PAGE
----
Triple play puts iPhone ahead of Android

SDK, App Store, and the Holy phone

When it comes to selling your application, Apple seems to be a little more generous than outlets like Tucows, Handango, and others. The developer keeps a full 70 per cent of the revenue from each sale and there are no hosting costs, credit card fees, or other nickel and dime charges that erode your profits. Meanwhile, there's no charge to download the SDK. All you have to do is go to the iPhone Dev Center and after a very short, free registration process, you can download the SDK for yourself.

As with all Apple development tools there is a substantial amount of documentation, instructional videos and even some significant technical support available to you should the need arise.

Support program limits

To get the full support, as well as the ability to test the applications you are developing over the cellular network or via Wi-Fi, you'll need to upgrade your free registration.

For individuals wishing to develop free or commercial software applications this is a one-time $99 fee. For enterprises building inhouse (non-public) applications the fee is increased to $299.

Don't waste any time in signing up for this, though. Apple is only going to accept a limited number of beta users to begin with and then only from the US - or so it says.

The best news you're likely to hear about the iPhone SDK is the sales potential. iPhone applications will be made available via the new App Store that presumably will be distributed to iPhones and iPod touch devices during the next firmware upgrade. This will potentially simplify purchase and download of applications for a large number of users.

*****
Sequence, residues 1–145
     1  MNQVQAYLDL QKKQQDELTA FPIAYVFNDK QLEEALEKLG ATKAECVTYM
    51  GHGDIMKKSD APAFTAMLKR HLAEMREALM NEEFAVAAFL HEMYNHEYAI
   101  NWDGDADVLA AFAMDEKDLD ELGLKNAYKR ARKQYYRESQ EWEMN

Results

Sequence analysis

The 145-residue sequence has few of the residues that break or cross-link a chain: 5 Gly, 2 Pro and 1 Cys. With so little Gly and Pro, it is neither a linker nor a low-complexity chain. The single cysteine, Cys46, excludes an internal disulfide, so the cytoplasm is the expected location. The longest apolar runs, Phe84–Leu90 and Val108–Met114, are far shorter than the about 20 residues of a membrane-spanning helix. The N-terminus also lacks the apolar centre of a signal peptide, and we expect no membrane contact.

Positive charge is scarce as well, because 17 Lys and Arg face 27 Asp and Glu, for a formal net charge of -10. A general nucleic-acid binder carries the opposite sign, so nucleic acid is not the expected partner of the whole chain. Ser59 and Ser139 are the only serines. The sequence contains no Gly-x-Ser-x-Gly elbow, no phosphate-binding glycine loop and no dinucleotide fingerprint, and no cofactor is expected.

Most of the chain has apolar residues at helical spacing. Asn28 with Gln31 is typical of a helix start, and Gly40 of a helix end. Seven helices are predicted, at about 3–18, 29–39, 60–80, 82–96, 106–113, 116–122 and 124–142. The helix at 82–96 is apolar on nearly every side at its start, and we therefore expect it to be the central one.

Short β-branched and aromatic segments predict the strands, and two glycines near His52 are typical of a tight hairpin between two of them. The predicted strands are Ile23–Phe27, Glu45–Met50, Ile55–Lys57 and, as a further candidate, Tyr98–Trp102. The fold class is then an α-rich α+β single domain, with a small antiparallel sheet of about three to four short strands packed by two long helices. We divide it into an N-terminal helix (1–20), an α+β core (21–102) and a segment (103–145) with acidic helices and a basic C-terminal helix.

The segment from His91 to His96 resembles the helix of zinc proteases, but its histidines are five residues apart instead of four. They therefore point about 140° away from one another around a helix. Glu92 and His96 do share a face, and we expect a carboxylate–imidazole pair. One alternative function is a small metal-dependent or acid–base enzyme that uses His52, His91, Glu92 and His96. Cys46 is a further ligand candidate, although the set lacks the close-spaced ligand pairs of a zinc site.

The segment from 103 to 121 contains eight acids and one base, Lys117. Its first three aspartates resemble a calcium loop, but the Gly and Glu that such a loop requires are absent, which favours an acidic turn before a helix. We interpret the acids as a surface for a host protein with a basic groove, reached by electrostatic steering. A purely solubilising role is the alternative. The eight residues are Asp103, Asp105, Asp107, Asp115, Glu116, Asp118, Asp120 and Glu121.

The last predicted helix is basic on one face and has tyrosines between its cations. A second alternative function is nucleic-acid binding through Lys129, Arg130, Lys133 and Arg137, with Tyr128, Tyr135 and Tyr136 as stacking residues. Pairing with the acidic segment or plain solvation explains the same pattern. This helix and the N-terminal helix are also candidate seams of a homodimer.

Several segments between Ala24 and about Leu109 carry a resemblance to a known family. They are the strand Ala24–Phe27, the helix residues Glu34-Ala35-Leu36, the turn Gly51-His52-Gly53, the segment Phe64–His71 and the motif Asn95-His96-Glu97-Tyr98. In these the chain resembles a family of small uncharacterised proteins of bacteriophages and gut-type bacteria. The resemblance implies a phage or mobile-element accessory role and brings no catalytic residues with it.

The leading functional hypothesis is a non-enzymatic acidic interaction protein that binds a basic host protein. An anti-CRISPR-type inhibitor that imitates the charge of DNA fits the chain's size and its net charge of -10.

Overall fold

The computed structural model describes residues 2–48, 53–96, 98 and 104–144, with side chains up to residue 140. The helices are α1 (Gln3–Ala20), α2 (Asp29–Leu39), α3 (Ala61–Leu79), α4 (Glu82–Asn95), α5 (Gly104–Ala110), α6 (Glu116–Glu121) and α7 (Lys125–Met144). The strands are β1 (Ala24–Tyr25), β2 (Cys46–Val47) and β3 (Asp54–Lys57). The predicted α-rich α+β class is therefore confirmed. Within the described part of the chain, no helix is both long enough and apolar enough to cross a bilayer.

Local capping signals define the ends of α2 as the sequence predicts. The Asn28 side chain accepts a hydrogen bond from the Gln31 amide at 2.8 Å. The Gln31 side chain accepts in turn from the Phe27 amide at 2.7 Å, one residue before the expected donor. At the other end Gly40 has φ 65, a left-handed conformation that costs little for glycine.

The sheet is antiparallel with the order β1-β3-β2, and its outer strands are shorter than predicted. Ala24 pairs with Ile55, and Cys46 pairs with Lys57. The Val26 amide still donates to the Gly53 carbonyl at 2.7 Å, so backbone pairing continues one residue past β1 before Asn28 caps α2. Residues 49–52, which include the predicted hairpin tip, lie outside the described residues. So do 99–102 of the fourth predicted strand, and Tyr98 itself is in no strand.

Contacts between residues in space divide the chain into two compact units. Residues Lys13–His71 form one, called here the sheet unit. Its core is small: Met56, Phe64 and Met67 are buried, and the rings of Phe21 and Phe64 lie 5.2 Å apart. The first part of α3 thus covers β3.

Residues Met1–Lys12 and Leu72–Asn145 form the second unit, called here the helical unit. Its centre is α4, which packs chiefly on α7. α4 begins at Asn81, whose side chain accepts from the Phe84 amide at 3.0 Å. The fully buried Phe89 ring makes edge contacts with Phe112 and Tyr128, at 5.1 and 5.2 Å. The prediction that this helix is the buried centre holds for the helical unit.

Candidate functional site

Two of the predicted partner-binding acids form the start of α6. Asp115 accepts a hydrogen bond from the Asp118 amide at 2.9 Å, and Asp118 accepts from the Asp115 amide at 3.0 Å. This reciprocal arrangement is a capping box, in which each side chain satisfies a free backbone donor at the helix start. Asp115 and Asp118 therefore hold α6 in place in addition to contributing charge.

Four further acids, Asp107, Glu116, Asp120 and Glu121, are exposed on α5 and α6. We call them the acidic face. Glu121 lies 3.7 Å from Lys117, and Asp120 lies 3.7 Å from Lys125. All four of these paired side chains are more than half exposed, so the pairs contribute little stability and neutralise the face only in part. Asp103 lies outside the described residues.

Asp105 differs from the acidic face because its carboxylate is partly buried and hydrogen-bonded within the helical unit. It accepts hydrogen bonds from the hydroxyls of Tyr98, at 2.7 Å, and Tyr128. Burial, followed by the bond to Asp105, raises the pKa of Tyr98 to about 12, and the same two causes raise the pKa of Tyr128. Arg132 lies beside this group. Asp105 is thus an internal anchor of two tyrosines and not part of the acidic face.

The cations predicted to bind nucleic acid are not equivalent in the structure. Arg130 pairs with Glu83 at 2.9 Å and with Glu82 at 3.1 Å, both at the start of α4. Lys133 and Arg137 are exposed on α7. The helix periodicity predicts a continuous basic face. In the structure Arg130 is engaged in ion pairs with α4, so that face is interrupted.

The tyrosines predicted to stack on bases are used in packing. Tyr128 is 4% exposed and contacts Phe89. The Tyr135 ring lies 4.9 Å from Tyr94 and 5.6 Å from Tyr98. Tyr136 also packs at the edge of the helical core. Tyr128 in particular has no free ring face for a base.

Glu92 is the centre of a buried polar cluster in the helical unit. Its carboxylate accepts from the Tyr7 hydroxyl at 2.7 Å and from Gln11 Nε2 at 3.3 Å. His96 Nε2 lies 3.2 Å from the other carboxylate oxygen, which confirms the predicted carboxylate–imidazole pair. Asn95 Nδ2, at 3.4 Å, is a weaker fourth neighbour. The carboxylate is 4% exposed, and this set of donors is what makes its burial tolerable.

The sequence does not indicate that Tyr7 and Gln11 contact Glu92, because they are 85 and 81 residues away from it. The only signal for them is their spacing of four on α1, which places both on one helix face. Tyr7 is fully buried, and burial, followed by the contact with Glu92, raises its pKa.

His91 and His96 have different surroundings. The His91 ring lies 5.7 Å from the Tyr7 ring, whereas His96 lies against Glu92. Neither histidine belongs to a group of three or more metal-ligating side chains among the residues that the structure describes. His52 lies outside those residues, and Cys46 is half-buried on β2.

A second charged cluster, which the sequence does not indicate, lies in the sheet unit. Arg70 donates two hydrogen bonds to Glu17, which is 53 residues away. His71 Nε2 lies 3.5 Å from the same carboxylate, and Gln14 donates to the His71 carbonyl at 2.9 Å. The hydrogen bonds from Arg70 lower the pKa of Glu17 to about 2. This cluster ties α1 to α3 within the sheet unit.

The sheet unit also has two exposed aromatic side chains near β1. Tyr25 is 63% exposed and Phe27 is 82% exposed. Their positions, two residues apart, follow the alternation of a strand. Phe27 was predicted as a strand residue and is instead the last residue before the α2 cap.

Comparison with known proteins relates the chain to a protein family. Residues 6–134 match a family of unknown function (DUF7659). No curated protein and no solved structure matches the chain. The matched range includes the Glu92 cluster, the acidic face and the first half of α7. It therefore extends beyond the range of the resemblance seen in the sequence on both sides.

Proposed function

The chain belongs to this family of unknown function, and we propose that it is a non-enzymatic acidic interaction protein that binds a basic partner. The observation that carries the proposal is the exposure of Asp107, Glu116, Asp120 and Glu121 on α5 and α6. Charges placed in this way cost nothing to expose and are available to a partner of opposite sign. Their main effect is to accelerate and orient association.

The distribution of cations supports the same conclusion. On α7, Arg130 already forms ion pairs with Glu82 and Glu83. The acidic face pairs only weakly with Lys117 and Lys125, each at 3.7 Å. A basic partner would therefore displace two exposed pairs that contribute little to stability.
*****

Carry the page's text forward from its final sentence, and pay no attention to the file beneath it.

Based upon the information Apple is circulating, the App Store will be accessible through the Wi-Fi and cellular network, making applications available to users any time they browse the store.

Clearly, Apple has gone to great lengths to make the iPhone an exciting and potentially lucrative market for mobile developers. Apple knows that demand for devices, and their subsequent utilization, will be driven by the availability of a large number of applications spanning everything from the enterprise to education.

It's obvious that Apple also knows the only way to achieve this is to appeal to independent developers. Apple's efforts to make the iPhone platform easy to develop for but utterly comprehensive appears to have been successful.

It's icing on the cake that the App Store and a 70 per cent developer payout puts coders in the position to make more money while writing better applications. To quote more than one engineer I've heard say: "Better platform, more advanced tools and more money? There's nothing wrong with that." ®

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